After the crossing, we didn't really find a good trail up the wooded hillside. We found a spot where others went up and repeated their efforts. On the way back, it worked out much better -- we ended up coming down along a cairned trail for most of the way, until we could see the big boulder in the river, then a little scrambling got us down over the last few ledges. This seemed way easier (though we were headed down, so you never know).

For the rest of the approach -- just follow the cairns. It seemed impossible to get lost, and your objective is visible most of the time.

We bivied in the last stand of trees below the face. It seemed nice and wind-free. the stream was about 100 yards down and across a big flat area. The flat area near the stream was much chillier when we were there (August 15-16, 2009) than our bivy spot. Though in the morning there was frost inside my bivy sack (thus our last-in-line status on the climb!)

Anyway, my partner has a GPS track for the approach. Drop me a private message and I'll get a copy for you.
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Chris McNamara

SuperTopo staff member
Sep 3, 2009 - 08:39am
 
great video of climbing the red dihedral
http://www.supertopo.com/climbing/thread.html?topic_id=948399
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Chris McNamara

SuperTopo staff member
Aug 18, 2009 - 06:43pm
 
a request from Hoover Wilderness to keep it clean when camping and climbing on the Hulk http://www.supertopo.com/climbing/thread.html?topic_id=932980
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Chris McNamara

SuperTopo staff member
Aug 17, 2009 - 08:09am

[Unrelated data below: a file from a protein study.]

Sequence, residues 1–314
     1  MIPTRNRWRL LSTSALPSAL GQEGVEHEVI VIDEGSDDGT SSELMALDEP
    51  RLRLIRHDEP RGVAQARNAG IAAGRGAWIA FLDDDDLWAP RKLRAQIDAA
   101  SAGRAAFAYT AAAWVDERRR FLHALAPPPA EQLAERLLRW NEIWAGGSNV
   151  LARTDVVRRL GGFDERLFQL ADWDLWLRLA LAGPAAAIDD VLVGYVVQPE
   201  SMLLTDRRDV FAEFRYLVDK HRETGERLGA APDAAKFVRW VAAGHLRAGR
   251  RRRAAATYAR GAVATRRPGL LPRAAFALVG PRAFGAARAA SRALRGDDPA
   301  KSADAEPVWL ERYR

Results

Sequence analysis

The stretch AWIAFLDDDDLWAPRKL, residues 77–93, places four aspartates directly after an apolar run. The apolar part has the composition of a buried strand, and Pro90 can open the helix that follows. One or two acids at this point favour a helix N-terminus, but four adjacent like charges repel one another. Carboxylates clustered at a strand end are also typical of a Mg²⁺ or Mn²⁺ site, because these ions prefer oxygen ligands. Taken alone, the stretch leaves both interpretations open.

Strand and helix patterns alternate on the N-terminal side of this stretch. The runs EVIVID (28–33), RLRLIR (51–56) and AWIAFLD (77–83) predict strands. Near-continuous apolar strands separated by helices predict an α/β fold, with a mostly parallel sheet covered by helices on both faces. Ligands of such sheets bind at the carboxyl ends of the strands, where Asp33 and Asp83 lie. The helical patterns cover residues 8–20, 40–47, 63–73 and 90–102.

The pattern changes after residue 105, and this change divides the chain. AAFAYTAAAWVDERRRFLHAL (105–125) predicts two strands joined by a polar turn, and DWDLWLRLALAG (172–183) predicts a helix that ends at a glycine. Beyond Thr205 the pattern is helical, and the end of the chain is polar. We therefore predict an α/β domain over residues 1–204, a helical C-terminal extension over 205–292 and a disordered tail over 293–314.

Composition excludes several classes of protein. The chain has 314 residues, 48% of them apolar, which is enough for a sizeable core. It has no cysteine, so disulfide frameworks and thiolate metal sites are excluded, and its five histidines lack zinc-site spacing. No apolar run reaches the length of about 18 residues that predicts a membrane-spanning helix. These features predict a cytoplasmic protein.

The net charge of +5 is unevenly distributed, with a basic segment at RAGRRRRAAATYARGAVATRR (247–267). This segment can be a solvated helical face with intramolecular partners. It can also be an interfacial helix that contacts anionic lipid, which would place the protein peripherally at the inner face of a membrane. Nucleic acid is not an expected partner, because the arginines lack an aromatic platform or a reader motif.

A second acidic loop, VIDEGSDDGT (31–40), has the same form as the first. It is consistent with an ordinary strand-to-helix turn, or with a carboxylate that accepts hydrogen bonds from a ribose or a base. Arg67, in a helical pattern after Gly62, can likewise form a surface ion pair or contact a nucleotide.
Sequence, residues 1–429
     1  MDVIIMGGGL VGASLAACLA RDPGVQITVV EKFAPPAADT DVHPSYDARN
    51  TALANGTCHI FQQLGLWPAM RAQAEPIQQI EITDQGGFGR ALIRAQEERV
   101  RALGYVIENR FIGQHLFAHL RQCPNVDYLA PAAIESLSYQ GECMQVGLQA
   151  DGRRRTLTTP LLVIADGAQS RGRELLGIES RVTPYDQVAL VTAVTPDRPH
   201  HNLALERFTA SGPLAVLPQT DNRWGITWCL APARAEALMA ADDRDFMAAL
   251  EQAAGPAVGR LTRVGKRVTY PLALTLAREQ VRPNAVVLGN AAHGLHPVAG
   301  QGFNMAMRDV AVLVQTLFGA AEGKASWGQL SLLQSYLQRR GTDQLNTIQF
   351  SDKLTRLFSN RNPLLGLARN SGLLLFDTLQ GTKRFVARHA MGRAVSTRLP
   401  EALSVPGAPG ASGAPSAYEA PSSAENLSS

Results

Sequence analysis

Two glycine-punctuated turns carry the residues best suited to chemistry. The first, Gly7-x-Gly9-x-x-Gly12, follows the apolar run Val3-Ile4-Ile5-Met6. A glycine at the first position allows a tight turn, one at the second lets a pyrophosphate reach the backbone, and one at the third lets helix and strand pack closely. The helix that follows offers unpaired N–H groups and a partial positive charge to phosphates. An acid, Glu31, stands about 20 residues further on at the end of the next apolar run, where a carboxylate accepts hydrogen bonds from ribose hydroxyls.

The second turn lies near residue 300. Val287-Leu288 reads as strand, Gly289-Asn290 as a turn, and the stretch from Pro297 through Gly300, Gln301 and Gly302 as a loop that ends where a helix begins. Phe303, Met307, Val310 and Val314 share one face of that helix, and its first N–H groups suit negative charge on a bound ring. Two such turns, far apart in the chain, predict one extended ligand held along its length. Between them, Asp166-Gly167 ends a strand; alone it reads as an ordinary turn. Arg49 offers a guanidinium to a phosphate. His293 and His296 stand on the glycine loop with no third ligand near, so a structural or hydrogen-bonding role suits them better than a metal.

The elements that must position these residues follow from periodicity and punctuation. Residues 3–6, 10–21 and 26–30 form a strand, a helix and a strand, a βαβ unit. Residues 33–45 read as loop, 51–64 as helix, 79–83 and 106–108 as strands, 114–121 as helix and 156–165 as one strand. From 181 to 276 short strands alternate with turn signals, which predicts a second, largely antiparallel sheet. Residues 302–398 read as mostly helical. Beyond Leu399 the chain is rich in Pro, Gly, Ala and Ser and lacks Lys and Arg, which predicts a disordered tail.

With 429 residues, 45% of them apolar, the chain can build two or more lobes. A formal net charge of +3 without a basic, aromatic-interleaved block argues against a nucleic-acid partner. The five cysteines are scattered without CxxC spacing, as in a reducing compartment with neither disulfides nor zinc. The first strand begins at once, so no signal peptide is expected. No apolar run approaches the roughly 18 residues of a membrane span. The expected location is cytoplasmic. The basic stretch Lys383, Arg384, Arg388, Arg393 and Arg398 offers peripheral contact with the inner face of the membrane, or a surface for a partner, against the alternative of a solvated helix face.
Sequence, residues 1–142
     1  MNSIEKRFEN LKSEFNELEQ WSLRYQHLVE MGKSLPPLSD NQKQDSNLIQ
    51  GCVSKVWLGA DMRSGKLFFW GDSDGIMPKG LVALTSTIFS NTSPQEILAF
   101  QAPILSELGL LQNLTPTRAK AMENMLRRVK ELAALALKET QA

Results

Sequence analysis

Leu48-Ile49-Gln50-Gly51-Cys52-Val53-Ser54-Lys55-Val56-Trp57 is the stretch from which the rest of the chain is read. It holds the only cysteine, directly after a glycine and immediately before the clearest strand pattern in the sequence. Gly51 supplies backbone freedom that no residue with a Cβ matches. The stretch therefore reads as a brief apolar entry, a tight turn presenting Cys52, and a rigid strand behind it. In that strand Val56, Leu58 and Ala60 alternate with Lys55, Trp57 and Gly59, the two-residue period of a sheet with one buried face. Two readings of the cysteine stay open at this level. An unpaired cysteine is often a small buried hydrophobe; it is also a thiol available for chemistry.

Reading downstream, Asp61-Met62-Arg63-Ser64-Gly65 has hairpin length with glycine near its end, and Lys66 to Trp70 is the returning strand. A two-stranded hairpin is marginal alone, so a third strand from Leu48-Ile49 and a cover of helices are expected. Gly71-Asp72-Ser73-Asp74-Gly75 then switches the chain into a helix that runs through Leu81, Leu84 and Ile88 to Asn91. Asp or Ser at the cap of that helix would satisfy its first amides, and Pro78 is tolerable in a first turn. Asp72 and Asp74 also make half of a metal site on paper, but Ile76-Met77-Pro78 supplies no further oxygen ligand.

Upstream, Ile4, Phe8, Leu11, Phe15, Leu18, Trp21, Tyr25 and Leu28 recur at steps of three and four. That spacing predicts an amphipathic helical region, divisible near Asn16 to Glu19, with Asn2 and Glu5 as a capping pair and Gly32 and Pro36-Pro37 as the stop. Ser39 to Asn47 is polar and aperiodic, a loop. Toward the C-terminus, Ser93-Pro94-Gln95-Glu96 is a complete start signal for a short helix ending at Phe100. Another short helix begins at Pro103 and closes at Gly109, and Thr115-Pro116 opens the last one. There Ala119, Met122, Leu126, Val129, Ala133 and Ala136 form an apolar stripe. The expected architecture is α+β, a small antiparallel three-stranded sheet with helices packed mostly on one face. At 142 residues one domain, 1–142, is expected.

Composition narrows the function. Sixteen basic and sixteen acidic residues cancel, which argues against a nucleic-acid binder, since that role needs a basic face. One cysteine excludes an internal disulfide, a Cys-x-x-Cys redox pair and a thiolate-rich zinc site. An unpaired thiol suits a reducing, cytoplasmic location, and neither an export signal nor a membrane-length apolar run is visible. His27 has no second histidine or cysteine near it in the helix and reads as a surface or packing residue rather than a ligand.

here is a great photo trip report http://bit.ly/11U2nZ less than 5 seconds ago
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TheLittleUnit

Trad climber
Cambridge, MA (formerly) SF Bay Area
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   Jul 5, 2009 - 07:03pm
Did Red Dihedral on July 4th. Kudos to those who do it car-to-car; us sea-dwelling folk were worked enough as it was doing it as a multi-night trip.

The ST approach description is dated. One significant difference is that the Wilderness sign which indicates no mountain bikes beyond that point has been moved considerably closer to the start of the approach...as in, ~1 mile earlier. Common sense will tell you not to veer to the left at this sign, but still, finding the creek crossing is a little tricky, especially if you are relying on the ST directions. We crossed at the beginning of the last meadow before the gully and found the log crossings, no problem. After the log crossing, the trail continues upstream for about 5 minutes and then seems to dead end at a a rock outcropping right next to the stream. At this point, there is a loose climber's trail that heads up a steep sandy slope (we did this on the way up - doable, but we do not recommend it), OR you can 3rd class around the rock outcropping just above the stream for about 20 feet to continue on the main trail. This will lead you to the steep switchbacks through pine trees mentioned in ST.